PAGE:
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The Religious Affiliation of Rock and Roll Pioneer
Chuck Berry (1926- ) has been called "the single most important name in the history of rock." He was one of the first inductees into the Rock and Roll Hall of Fame in Cleveland, Ohio, in 1986. He "melded the blues, country, and a witty, defiant teen outlook into songs that have influenced virtually every rock musician in his wake" (Rolling Stone Encyclopedia, p. 71). Berry has led the rock & roll choir in a salute to immorality and defiance to authority. Though he started singing at age six in the choir of Antioch Baptist Church of Elleadsville, a suburb of St. Louis, he chose the world, the flesh, and the Devil when he reached teen years. He spent 1944 to 1947 in reform school for attempted robbery, and has continued to have run-ins with the law throughout his life.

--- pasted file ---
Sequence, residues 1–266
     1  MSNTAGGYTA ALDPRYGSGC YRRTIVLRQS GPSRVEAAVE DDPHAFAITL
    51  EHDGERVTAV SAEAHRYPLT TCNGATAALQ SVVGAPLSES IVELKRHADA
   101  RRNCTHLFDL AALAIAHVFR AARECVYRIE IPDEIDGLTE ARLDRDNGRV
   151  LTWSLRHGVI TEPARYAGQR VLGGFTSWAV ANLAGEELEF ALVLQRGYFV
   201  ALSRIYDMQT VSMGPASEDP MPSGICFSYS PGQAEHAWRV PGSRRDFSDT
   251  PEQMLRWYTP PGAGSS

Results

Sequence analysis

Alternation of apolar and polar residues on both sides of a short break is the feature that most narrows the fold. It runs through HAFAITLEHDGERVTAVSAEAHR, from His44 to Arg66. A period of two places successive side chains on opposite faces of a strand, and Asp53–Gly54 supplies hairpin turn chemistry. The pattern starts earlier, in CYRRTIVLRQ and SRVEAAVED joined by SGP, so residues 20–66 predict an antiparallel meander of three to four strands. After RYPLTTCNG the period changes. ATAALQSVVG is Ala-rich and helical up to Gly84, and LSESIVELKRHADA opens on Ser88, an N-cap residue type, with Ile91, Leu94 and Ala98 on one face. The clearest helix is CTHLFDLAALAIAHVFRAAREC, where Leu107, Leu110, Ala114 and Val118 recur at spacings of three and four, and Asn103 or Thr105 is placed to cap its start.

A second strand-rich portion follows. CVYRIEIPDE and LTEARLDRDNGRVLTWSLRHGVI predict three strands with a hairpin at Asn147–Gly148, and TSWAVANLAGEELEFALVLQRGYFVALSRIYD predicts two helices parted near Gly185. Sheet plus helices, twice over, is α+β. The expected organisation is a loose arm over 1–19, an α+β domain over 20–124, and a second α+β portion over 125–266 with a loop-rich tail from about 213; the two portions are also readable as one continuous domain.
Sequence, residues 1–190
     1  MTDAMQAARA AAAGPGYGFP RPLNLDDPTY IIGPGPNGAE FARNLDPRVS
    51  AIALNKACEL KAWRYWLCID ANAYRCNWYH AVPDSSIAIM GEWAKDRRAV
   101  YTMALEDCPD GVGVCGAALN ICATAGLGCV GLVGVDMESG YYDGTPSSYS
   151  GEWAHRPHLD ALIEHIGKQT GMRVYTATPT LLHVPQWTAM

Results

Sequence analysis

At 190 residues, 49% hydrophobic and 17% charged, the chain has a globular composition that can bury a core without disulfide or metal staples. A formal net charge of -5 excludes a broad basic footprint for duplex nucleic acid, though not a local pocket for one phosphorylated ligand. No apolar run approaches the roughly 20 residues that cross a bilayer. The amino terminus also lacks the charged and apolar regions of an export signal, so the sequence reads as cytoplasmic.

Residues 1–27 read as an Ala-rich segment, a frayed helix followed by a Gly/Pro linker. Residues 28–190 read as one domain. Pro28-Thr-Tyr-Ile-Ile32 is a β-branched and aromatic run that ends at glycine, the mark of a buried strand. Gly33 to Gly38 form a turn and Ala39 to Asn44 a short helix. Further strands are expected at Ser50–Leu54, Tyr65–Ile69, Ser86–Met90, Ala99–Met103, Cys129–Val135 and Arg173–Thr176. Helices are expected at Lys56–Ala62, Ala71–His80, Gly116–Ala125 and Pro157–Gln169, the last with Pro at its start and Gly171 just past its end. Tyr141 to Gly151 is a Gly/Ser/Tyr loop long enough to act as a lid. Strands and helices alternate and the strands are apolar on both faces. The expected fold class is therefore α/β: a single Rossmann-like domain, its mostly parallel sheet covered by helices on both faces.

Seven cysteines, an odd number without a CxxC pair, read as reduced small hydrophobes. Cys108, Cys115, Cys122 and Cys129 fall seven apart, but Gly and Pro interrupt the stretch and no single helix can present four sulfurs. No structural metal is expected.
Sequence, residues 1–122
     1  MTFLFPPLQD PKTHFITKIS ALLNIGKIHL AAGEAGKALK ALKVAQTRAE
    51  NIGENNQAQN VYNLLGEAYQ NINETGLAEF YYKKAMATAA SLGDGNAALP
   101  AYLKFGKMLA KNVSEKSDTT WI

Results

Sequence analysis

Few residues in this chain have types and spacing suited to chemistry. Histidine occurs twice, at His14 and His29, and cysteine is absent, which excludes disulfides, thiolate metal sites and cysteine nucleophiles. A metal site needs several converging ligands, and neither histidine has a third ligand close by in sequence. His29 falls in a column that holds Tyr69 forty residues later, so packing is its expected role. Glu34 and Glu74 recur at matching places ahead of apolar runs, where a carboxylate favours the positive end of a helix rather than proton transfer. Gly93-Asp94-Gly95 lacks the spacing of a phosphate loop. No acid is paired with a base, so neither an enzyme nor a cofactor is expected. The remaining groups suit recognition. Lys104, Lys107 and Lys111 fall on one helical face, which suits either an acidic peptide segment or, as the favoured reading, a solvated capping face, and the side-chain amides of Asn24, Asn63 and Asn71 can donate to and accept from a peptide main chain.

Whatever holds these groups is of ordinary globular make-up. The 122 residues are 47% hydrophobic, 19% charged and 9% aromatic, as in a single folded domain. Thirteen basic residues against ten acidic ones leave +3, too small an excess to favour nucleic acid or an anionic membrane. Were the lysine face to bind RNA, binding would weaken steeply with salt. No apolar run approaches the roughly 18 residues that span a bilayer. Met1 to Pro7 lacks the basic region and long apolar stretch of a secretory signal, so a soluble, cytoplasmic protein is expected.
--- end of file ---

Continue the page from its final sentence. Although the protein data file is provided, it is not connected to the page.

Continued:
In 1959, Berry was charged with statutory rape of a 14-year-old Spanish-speaking Apache girl he had brought from Texas to St. Louis. Berry was eventually convicted and spent two years in federal prison. In 1979, he spent 100 days in prison for income tax evasion. In 1988, he had to pay a fine to settle a lawsuit from a woman who alleges he punched her in the face. In 1990, police raided his home and found 62 grams of marijuana plus video recordings of women who were visiting the restroom at his amusement park in Wentzville, Missouri. He was given a six-month suspended sentence, placed on two years' probation, and required to donate $5,000 to a hospital. He has had multiple marriages.